Continuing our series on screen portrayals of Pilate that I began in 2011 during Holy Week. The posts on portrayals of Pilate by Rod Steiger, Richard Boone, Barry Dennen, Hristov Shopov, Telly Savalas, Frank Thring, Stephen Russell and Greg Hicks may be viewed here, here, here, here here , here, here and here.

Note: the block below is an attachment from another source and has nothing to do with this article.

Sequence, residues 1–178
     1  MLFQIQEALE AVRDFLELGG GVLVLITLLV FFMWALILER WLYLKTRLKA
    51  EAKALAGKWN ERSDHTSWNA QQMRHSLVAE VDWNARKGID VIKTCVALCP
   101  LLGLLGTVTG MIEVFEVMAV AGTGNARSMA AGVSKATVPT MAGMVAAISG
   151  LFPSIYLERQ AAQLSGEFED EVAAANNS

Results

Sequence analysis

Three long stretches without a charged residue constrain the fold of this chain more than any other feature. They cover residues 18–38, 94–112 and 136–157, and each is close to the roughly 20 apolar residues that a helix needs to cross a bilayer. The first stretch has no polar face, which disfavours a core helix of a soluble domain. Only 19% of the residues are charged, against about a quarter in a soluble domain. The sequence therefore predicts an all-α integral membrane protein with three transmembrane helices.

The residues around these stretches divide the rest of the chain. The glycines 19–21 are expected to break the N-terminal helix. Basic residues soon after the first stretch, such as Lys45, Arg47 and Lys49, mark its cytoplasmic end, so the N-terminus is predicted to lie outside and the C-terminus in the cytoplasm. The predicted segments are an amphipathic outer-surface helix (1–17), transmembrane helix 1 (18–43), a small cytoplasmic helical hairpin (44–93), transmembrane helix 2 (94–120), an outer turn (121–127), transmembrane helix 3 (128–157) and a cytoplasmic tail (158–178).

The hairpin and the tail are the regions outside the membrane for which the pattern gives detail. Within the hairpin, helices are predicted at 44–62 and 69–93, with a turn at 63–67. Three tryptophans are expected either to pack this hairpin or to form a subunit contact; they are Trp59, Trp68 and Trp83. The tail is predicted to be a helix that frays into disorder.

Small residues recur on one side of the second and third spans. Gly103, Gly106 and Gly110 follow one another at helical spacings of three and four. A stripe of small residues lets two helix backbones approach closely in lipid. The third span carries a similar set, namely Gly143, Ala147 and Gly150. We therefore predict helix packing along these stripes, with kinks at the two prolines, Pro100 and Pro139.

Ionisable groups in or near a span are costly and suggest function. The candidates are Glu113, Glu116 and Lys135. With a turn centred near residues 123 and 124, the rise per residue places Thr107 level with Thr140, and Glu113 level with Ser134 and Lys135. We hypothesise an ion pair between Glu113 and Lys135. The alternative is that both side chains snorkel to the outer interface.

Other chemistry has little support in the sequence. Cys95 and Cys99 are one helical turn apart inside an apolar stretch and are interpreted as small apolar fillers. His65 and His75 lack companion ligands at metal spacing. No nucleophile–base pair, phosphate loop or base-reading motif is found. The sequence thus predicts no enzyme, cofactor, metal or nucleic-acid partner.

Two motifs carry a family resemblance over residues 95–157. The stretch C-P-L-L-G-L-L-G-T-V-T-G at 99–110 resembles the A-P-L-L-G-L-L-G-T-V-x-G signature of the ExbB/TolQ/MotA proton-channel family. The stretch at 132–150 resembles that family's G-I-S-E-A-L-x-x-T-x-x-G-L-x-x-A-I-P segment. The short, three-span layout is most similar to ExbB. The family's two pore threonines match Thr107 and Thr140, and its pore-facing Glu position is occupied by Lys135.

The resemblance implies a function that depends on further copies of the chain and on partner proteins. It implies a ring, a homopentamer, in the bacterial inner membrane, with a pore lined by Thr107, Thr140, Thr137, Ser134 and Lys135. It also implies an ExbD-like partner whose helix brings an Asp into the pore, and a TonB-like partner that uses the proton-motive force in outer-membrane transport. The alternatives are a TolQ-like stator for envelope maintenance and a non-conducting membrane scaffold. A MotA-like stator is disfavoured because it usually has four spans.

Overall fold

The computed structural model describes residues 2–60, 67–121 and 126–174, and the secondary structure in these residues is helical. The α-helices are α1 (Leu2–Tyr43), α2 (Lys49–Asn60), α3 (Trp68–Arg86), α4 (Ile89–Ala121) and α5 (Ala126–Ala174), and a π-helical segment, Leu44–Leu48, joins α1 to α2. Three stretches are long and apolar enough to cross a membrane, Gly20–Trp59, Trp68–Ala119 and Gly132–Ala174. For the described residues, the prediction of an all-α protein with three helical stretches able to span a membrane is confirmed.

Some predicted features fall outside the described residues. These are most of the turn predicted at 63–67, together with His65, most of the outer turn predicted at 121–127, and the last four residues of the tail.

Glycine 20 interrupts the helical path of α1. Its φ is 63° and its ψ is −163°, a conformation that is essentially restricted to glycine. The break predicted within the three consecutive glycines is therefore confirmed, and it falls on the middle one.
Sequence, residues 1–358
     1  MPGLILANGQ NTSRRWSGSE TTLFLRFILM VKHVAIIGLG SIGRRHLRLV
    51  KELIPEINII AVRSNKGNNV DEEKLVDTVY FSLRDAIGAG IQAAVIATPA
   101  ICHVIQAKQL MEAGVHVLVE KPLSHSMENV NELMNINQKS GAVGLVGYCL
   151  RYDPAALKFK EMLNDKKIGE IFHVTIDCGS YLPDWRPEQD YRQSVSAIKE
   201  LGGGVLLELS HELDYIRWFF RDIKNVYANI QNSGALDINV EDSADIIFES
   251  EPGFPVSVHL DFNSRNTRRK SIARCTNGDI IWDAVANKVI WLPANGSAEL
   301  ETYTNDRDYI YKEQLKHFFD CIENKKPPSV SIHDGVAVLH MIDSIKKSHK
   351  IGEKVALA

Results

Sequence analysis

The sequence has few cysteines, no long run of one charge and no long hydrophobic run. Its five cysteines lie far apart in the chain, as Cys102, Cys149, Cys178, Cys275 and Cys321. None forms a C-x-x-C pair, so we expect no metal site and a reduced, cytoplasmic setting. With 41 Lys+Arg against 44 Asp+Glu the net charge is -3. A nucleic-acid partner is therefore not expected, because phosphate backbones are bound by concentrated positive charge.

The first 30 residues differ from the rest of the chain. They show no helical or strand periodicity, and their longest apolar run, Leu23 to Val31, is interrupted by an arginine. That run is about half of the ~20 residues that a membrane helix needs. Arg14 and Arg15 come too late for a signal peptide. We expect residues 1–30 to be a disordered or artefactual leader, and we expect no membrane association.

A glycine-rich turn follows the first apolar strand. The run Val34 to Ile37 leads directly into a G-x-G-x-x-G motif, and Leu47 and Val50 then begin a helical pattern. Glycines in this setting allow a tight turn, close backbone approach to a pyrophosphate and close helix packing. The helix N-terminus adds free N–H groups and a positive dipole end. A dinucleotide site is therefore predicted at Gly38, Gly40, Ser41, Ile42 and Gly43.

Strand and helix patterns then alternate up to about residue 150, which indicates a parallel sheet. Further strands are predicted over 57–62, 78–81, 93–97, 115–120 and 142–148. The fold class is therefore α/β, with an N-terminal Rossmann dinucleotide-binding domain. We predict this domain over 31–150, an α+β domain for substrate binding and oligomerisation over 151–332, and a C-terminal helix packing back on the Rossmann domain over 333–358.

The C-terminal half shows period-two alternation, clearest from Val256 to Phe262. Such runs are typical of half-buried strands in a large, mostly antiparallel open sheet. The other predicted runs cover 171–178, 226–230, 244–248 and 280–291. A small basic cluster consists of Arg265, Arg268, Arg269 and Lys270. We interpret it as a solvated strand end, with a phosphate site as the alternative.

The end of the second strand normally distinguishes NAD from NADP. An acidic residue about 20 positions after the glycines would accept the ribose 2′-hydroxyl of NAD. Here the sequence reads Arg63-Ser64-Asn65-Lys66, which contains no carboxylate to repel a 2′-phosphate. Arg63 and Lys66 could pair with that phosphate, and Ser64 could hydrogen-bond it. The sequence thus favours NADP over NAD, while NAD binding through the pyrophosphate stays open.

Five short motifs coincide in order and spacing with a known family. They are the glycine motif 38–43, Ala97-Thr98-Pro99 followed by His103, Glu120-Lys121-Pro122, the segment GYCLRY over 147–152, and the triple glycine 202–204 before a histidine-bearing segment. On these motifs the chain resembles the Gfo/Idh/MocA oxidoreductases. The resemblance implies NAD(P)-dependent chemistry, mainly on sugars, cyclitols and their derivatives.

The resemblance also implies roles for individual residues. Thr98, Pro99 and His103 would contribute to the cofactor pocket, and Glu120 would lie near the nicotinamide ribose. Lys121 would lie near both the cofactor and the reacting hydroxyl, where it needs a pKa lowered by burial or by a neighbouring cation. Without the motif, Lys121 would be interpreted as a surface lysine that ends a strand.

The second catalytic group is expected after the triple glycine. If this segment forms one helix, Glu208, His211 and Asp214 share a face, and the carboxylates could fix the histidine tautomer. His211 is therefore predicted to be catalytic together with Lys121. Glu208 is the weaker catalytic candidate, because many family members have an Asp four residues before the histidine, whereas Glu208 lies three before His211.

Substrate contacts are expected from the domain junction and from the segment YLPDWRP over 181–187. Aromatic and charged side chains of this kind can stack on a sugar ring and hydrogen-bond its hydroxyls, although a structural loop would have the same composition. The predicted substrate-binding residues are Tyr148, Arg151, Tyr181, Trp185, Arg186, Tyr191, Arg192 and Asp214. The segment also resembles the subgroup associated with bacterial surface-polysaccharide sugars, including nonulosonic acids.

Cyril Ritchard had quite a career as an actor. He was also a devout Catholic, his funeral mass in 1977 being said by Archbishop Fulton Sheen. It is therefore interesting that his portrayal of Pilate in the Studio One television play Pontius Pilate (1952) is one of the more cynical and overtly political. He and Caiaphas discuss the fate of Jesus privately as two seasoned pols who might as well be arguing over the division of spoils. After the execution of Christ he is shaken by the death of Jesus under the influence of his wife, but remains convinced that he has made the right decision. Procula leaves him and years later he finds her among a group of Christians that he must judge. He condemns her and the other Christians, but later orders them to be released, he being unable to have the wife he still loves condemned to crucifixion. The play ends with Pilate unsheathing his sword and telling himself that the sword is the answer to Christ’s query of “What is Truth” with the implication that Pilate will use the sword to commit suicide, having betrayed his belief in Rome out of love for his wife. Continue Reading